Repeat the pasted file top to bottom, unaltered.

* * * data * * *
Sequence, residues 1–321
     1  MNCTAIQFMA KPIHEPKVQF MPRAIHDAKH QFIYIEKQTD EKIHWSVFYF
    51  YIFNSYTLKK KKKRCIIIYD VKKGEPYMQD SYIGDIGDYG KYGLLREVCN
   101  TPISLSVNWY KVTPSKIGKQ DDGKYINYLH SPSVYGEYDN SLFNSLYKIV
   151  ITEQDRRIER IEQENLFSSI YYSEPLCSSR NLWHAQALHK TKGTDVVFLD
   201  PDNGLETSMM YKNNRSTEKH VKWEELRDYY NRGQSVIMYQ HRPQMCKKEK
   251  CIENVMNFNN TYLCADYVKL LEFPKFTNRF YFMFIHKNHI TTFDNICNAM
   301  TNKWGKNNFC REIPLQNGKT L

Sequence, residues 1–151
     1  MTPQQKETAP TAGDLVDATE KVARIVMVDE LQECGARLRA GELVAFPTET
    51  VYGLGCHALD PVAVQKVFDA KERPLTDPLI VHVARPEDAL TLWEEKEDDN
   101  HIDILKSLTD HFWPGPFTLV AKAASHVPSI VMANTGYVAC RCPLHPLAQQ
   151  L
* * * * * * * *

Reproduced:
Sequence, residues 1–321
     1  MNCTAIQFMA KPIHEPKVQF MPRAIHDAKH QFIYIEKQTD EKIHWSVFYF
    51  YIFNSYTLKK KKKRCIIIYD VKKGEPYMQD SYIGDIGDYG KYGLLREVCN
   101  TPISLSVNWY KVTPSKIGKQ DDGKYINYLH SPSVYGEYDN SLFNSLYKIV
   151  ITEQDRRIER IEQENLFSSI YYSEPLCSSR NLWHAQALHK TKGTDVVFLD
   201  PDNGLETSMM YKNNRSTEKH VKWEELRDYY NRGQSVIMYQ HRPQMCKKEK
   251  CIENVMNFNN TYLCADYVKL LEFPKFTNRF YFMFIHKNHI TTFDNICNAM
   301  TNKWGKNNFC REIPLQNGKT L

Sequence, residues 1–151
     1  MTPQQKETAP TAGDLVDATE KVARIVMVDE LQECGARLRA GELVAFPTET
    51  VYGLGCHALD PVAVQKVFDA KERPLTDPLI VHVARPEDAL TLWEEKEDDN
   101  HIDILKSLTD HFWPGPFTLV AKAASHVPSI VMANTGYVAC RCPLHPLAQQ
   151  L